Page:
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By Tarso Veloso (Bloomberg) Russian attacks on some of Ukraine’s key export hubs are damaging commodities infrastructure and mean it could be a long road until shipments fully recover.
Ukraine’s ports have been closed since the war began, and now some major grain-export facilities and steel plants have been severely hit by shelling. They include a site belonging to agribusiness giant Bunge in Mykolayiv on the Black Sea, as well as the large Azovstal steel plant in Mariupol.
The country gets about 40% of its gross domestic product from exports. That includes roughly $8 billion from wheat and corn and $3.4 billion from iron ore, Observatory of Economic Complexitydata shows. While it’s seeking to open new routes by rail for selling goods such as crops, volumes could be small. Ukraine’s food companies are focused on securing local supplies, as hundreds of thousands face hunger and are without water and electricity.
“This is a war not only in the military sense, it’s an economic war, because Ukrainian exports are metals, chemicals, machine building, grain,” the country’s agriculture minister, Roman Leshchenko, told the European Parliament Tuesday. “Having destroyed our sea access, they are destroying us economically. We wouldn’t have any income to our budget. We wouldn’t have any means to survive as a state.”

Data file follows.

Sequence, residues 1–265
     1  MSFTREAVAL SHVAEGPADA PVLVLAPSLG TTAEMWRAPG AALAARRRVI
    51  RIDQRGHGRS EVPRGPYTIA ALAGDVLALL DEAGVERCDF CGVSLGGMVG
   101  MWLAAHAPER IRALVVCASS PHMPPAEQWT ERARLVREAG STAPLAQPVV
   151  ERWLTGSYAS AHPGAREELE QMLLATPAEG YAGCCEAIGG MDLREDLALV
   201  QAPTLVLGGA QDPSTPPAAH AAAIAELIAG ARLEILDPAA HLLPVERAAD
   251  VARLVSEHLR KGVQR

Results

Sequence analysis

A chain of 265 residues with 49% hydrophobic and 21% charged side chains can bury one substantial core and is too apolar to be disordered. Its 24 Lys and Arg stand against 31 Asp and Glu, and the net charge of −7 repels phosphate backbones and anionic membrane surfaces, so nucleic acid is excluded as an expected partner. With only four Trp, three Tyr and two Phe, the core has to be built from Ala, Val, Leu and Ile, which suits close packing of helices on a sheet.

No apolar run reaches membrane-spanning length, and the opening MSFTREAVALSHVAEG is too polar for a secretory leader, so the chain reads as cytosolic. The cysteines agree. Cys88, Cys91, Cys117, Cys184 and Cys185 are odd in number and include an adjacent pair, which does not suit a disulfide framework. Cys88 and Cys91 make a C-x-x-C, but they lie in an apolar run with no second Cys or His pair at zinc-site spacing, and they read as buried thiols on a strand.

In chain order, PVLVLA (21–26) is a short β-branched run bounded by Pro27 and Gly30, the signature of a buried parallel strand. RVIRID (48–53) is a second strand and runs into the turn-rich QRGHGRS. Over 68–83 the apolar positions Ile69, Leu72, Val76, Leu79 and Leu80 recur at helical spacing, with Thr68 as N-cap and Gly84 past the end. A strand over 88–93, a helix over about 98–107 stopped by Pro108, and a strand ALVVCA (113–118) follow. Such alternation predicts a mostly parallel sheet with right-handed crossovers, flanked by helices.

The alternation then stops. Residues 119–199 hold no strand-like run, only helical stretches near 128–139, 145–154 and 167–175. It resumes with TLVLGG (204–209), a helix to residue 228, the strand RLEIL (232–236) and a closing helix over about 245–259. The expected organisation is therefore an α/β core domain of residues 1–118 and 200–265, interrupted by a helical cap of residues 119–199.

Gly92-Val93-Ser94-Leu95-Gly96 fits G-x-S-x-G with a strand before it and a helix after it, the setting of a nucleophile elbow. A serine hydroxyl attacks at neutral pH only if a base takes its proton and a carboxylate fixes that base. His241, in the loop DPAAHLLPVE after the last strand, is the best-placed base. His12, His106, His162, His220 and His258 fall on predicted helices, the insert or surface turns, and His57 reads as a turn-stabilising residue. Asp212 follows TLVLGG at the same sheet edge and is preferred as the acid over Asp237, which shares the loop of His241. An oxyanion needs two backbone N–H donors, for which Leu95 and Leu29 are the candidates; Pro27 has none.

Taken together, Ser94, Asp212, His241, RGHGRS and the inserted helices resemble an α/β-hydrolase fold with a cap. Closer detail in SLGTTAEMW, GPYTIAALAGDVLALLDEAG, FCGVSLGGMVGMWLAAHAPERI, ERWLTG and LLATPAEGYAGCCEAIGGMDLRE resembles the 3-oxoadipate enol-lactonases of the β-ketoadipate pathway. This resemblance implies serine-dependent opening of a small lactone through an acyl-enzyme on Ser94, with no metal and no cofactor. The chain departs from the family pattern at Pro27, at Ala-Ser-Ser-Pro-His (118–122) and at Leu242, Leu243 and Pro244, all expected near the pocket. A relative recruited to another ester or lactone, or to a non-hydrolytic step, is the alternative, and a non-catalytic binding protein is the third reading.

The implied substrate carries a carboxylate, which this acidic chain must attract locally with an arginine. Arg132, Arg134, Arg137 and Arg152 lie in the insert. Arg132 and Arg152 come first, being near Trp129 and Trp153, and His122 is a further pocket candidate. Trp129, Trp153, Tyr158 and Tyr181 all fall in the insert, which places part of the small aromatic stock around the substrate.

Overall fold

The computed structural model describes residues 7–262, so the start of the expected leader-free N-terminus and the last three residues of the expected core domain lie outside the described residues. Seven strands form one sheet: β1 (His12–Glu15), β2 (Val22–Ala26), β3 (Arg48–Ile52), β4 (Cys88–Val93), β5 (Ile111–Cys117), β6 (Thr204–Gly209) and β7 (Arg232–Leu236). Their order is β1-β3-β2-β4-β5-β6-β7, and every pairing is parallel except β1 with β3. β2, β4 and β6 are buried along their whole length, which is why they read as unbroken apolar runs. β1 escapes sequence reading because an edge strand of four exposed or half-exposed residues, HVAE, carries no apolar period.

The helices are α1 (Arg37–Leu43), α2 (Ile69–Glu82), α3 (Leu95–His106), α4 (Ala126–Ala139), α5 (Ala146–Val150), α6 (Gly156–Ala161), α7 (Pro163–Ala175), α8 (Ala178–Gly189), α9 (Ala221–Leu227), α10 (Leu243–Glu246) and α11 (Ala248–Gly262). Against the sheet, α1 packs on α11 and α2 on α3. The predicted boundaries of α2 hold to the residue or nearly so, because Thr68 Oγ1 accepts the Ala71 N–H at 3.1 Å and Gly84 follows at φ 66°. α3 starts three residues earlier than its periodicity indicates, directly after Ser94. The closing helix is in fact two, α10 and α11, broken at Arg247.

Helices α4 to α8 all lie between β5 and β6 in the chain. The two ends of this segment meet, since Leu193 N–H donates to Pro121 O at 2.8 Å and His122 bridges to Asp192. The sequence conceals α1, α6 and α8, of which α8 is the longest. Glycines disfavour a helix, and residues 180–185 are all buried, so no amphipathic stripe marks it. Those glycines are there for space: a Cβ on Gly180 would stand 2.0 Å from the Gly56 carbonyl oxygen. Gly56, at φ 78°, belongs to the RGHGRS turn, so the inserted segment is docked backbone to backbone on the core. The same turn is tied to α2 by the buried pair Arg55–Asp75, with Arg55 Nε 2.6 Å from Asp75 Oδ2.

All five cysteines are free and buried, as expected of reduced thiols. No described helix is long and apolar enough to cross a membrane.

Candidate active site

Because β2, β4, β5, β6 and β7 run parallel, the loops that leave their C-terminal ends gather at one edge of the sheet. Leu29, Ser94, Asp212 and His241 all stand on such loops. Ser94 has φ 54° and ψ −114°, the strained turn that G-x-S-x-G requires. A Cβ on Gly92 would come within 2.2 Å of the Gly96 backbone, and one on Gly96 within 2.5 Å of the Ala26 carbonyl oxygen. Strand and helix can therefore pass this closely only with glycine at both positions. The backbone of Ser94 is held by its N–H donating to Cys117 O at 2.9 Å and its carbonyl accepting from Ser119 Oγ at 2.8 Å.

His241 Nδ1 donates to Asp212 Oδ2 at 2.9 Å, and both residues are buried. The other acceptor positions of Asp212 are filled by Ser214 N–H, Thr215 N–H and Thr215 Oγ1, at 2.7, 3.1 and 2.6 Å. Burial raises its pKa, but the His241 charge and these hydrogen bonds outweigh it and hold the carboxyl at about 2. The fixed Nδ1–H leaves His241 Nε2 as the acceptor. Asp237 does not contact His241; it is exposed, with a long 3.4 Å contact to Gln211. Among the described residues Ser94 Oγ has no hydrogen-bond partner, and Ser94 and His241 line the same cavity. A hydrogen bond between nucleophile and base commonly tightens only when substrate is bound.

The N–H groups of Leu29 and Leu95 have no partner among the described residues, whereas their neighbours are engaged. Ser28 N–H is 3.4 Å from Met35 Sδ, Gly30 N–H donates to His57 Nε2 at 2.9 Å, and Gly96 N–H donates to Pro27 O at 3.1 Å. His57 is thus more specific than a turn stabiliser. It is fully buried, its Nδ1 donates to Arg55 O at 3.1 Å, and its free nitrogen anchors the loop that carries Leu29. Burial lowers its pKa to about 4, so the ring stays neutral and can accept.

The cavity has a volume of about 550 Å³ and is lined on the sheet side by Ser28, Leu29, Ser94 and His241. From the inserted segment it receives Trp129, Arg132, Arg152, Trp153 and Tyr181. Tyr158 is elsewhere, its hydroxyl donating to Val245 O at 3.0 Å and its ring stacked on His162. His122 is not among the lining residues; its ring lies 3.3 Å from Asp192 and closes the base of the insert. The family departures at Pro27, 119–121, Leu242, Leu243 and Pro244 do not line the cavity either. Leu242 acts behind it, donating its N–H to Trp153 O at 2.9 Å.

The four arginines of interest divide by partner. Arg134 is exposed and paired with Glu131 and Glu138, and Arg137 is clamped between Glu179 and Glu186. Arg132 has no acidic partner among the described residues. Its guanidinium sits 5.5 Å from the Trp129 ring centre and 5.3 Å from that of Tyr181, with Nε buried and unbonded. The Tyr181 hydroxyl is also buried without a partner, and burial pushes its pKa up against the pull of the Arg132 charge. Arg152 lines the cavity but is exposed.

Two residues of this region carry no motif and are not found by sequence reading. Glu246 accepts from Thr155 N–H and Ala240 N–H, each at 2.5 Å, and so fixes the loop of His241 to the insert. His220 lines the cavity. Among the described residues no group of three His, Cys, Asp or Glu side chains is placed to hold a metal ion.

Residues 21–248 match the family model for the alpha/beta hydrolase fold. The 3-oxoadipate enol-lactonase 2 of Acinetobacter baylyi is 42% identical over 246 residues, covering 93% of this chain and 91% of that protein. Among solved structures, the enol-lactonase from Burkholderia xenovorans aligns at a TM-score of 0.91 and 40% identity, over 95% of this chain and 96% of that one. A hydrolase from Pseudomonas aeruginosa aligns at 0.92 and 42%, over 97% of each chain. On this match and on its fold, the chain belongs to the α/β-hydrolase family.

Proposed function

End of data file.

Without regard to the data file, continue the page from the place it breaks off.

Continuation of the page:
The Mykolayiv port — where Bunge’s facility was hit — has been a shipbuilding center for centuries and typically handles about a fifth of Ukraine’s grains volumes, supplying countries in the Middle East and Europe. Other international and local traders also have facilities in the region along the Black Sea.
Those with goods stored at Ukrainian ports “do not know if we will be able to ship our supplies,” said Saban Buttanri, the owner of Istanbul-based exporter Agrolino Grains and Oilseeds.
He had to evacuate his team just after the war began, leaving behind his office and storing supplies in a third-party warehouse.
In the besieged city of Mariupol, the Metinvest BV-owned Azovstal steel plant had to stop its furnaces amid severe damage from Russian shelling, General Director Enver Tskitishvili said on Facebook last week.
The hit to Ukraine’s export facilities comes on top of damage to food infrastructure, including shells destroying a frozen-chicken warehouse. Soldiers have also commandeered tractors and other farm equipment to build fortifications and tow armored vehicles.
“We understand that our other ports and infrastructure for agriculture exports will be destroyed within another couple of weeks,” Leshchenko said. Bloomberg reported on Wednesday that he has tendered his resignation.
–With assistance from Tarso Veloso and Megan Durisin.© 2022 Bloomberg L.P.
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